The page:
The exterior look featured a catamaran-style front end, with two raised areas above the fenders and a bulge on the hood. Its wrapped-around headlights resembled those installed on the Z370, with their horizontal V-shape on their outer side. From its side, the cab-rearward design was classic for a rear-wheel-drive vehicle, but the Maxima was front-wheel-drive. At the back, the design team spoiled the car’s, otherwise, sporty look with a large bumper, but the LED taillights smoothed the design.
Inside, the high-bolstered bucket seats at the front featured hand-stitched leather upholstery for the upper trim levels and promised good side support during high-speed cornering maneuvers. At the back, the carmaker added an option for heated seats and a separate climate control panel hidden in the center folding armrest. For the driver, Nissan installed a beautiful layout in the instrument cluster with a speedometer in the middle flanked by the tachometer on the left and the fuel and coolant temperature gauges. Chromed surroundings adorned the three-dial display.
Under the hood, Nissan installed the VQ35 engine that provided 290 hp, 35 more than its predecessor. It paired it with a CVT gearbox. The carmaker added a pair of paddle-shifters behind the steering wheel that selected six pre-set gears.
Nissan introduced the sixth generation of the Maxima lineup in 2003 as 2004 for most of the markets, including Australia and the U.S.
Introduced above the Altima lineup but sharing its underpinnings with it, the Maxima was already a known and appreciated vehicle. However, Nissan thought it could stand better against Honda’s Accord and Toyota’s Camry if it fit it with just one engine and thus decrease its production costs. Moreover, it added some unique features and, most importantly, it built it with independent suspension in all corners.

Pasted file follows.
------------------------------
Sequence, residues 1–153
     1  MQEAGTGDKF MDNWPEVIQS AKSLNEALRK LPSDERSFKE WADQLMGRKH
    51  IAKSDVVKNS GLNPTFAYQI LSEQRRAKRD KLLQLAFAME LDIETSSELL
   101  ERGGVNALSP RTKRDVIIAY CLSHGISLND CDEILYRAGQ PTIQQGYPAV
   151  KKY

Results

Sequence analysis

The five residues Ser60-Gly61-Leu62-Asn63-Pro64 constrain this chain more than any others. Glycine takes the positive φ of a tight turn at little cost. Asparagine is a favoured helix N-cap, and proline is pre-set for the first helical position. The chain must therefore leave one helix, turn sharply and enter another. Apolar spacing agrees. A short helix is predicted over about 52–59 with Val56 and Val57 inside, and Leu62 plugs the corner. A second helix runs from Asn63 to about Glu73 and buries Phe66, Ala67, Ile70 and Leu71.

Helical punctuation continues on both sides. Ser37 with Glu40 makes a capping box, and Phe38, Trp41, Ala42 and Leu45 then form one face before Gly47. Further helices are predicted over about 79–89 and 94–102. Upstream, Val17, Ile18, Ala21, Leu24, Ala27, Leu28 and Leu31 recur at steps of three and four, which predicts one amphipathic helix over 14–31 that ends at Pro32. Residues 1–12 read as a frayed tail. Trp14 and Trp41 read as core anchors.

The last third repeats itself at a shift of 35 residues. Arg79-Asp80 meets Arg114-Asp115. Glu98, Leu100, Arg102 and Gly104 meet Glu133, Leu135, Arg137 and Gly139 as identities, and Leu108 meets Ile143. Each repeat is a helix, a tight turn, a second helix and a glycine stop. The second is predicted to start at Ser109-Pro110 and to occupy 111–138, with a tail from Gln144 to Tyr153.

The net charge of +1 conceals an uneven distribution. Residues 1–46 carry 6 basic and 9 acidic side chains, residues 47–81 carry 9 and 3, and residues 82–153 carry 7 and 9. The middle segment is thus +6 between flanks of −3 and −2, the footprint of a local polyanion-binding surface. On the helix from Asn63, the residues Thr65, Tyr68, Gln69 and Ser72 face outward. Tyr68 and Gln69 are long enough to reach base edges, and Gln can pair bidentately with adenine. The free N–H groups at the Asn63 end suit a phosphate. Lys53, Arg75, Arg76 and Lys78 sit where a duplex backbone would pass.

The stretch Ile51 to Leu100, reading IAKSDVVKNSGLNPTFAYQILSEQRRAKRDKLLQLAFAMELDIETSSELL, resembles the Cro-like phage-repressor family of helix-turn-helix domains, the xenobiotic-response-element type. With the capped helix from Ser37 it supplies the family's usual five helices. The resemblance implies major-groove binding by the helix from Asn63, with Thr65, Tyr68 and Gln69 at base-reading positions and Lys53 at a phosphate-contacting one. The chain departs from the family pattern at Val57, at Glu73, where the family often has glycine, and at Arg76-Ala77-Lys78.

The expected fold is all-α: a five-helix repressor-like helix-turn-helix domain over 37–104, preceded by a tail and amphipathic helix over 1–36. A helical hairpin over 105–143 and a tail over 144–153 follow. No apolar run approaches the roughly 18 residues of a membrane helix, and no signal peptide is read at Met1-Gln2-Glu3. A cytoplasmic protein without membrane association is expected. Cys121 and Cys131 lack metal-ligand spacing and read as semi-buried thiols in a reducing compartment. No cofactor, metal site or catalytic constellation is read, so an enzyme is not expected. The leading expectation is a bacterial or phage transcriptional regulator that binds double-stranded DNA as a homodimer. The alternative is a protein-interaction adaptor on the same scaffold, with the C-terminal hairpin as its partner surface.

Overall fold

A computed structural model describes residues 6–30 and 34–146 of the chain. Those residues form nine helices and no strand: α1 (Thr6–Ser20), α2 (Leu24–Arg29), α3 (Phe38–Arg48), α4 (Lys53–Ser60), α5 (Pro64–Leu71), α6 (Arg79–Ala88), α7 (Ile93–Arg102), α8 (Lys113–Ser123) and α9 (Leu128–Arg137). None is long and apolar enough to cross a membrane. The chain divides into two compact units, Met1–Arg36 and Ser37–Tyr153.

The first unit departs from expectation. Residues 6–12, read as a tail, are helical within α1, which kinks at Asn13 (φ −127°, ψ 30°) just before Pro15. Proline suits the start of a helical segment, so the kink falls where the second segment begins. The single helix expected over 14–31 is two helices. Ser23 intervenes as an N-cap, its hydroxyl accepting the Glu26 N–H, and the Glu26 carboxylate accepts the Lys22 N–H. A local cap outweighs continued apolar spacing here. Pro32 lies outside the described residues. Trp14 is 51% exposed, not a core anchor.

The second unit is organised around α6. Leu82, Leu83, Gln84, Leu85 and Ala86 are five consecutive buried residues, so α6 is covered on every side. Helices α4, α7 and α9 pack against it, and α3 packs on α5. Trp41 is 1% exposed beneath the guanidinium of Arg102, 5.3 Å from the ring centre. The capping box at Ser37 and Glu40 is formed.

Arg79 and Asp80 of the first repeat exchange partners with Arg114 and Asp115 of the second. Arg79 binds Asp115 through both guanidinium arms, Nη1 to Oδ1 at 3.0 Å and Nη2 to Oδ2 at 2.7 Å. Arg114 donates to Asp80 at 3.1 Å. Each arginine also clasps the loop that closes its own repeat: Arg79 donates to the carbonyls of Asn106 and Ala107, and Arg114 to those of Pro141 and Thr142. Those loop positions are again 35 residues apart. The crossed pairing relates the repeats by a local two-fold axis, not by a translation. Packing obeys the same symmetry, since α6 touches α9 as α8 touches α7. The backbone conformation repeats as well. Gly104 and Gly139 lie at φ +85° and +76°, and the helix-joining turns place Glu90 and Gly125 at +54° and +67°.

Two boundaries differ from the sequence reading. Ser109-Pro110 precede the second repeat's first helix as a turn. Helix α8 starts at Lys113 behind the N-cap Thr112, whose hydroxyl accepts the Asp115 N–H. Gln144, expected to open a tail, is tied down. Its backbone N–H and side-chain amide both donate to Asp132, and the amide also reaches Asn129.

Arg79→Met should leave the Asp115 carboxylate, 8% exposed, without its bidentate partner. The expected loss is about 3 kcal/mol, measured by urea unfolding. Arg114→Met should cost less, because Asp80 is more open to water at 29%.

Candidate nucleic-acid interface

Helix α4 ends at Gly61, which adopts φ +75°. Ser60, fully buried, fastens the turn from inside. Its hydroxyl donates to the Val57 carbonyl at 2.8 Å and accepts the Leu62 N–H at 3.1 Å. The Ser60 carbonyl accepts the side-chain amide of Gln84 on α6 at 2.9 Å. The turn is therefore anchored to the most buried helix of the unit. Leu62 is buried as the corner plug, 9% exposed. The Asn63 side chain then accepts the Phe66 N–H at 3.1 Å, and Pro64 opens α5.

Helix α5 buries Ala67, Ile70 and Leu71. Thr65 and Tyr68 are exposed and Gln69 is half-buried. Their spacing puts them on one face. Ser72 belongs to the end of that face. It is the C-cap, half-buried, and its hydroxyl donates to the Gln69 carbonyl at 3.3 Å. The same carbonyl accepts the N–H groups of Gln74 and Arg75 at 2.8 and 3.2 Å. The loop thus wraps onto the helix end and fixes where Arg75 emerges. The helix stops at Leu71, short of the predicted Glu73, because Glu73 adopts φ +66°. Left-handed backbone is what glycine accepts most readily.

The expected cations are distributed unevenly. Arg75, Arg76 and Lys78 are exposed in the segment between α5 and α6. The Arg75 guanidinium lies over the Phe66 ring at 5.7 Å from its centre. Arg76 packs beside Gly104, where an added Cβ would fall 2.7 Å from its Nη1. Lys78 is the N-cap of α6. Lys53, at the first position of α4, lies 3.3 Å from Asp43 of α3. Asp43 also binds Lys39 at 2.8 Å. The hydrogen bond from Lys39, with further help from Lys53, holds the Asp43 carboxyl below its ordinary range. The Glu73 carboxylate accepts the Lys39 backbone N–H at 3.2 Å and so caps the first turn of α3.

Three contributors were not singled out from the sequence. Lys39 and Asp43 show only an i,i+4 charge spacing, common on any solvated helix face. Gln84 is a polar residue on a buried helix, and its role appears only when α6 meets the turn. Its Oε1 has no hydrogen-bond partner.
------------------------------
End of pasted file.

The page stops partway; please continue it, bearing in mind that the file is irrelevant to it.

The rounded shape of the Maxima revealed a cab-rearward design, which left the impression of a rear-wheel-drive vehicle, but it wasn’t. At the front, the Nissan 350Z-inspired headlights featured vertically mounted lamps and turn signals under the same clear lens. A vertical slat cut the grille in two, sporting the Nissan chromed badge. In addition, the carmaker added a unique feature for the car named SkyView, which was a fixed glass panel narrow and longitudinally mounted above the front and rear seats. At the back, the C-pillar was even thicker than on the previous generation, creating a stronger image for the vehicle.
Inside, Nissan offered the Maxima in two trim levels: SE and SL, with the former being the sportier and the latter its more luxurious sibling. In addition, the carmaker offered it with an option for four seats, with a center console that crossed the cabin from the dashboard to the seatback of the rear seat. Customers could choose between cloth or leather-wrapped seats with aluminum or wood trims.
Under the hood, both versions received a 3.5-liter V-6 powerplant paired with a standard five-speed automatic. The SE was available with an option for a six-speed close-ratio manual.